Circular 212Quaternary faulting and soil formation on the County Dump fault, Albuquerque, New Mexico
By J. P. McCalpin, S. S. Olig, J. B. J. Harrison, G. W. Berger.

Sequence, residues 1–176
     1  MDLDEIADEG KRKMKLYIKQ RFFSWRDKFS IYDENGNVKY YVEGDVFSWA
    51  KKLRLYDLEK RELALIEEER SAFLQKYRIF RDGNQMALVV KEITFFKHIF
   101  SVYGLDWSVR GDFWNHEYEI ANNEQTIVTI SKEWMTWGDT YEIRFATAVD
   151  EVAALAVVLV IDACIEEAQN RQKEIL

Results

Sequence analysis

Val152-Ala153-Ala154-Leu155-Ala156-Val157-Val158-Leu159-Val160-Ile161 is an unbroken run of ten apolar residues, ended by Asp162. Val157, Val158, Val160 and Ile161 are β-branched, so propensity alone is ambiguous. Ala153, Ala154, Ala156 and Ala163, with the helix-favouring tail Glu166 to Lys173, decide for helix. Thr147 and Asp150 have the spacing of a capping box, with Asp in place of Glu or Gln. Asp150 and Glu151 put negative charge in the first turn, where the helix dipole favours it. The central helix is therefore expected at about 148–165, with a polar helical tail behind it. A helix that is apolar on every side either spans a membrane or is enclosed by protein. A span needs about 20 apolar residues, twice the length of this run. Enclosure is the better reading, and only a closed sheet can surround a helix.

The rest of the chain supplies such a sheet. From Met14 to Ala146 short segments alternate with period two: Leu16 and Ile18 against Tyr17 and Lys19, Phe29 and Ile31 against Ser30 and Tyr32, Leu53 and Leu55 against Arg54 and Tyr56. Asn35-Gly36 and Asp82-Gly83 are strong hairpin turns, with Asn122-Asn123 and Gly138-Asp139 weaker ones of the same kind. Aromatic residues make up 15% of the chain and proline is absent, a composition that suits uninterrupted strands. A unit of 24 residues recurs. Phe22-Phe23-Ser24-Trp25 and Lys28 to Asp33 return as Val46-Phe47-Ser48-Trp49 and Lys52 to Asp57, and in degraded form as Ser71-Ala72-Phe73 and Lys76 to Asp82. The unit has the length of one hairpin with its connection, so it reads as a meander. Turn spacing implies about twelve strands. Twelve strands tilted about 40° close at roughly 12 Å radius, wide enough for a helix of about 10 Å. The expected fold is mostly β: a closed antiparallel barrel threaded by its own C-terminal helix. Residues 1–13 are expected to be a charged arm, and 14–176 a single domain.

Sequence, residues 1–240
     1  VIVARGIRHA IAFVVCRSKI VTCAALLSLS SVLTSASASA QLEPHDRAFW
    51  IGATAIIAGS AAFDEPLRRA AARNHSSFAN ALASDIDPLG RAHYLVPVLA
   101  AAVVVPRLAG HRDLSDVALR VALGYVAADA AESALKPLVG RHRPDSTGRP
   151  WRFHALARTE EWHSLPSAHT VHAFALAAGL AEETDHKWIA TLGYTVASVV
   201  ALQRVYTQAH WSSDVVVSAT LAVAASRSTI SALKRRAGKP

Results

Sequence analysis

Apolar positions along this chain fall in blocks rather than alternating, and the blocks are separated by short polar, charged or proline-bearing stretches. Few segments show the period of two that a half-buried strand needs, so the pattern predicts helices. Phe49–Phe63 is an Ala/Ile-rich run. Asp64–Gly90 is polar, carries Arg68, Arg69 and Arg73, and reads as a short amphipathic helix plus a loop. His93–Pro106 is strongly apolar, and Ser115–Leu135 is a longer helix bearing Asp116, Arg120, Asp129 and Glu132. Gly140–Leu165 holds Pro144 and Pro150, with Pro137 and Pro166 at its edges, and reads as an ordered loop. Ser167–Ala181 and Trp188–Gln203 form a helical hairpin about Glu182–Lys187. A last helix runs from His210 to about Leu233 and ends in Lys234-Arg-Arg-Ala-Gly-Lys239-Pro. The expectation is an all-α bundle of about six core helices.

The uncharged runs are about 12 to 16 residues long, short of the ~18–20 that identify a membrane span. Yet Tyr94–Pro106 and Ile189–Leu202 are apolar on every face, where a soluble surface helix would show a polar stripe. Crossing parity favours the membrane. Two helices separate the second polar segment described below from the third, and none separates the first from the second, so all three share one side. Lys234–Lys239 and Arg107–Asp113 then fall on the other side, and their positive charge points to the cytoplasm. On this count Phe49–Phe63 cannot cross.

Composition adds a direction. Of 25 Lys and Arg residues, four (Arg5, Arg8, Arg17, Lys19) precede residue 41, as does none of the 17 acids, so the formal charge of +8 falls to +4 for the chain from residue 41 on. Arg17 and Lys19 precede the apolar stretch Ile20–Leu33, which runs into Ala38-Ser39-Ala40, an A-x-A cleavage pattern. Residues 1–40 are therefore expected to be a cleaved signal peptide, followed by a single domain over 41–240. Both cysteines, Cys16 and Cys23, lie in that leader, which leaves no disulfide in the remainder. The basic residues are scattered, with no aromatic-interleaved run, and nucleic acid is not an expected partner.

The Albuquerque–Santa Fe urban corridor is one of the fastest growing areas in the western United States. Twenty-seven Quaternary-age (1.8 million years ago to the present) faults have been identified within 40 km of downtown Albuquerque. The faults are associated with the Rio Grande rift and are responsible for 10 earthquakes of MMI (Modified Mercalli Intensity) V or greater since 1849. The largest of these was the MMI VII–VIII earthquake at Cerrillos on May 18, 1918. The County Dump fault is a 35-km-long, north-trending normal fault that is located in an area of suburban development west of the Albuquerque metropolitan area. The fault dips eastward under the city. To determine how often the County Dump fault ruptures the surface and to more fully understand the fault's paleoseismic history, the authors undertook a study that included: (1) measuring the height of the scarp formed by the fault, (2) opening multiple trenches across the fault, (3) describing stratigraphic and structural features in the trenches and sampling soil horizons exposed, and (4) collecting samples for thermoluminescence dating. The trench data indicate that perhaps as many as 14 earthquakes have ruptured along the County Dump fault in the past one million years. The pattern observed in the trenches suggests that the fault moves at intervals of about 20,000–40,000 years and results in displacements of approximately 1 m or less. The last three ground ruptures have estimated ages of 30,000, 45,000, and 80,000 years ago. If surface rupture spanned the entire 35-km length of the fault, a magnitude 6.9 earthquake would be possible.
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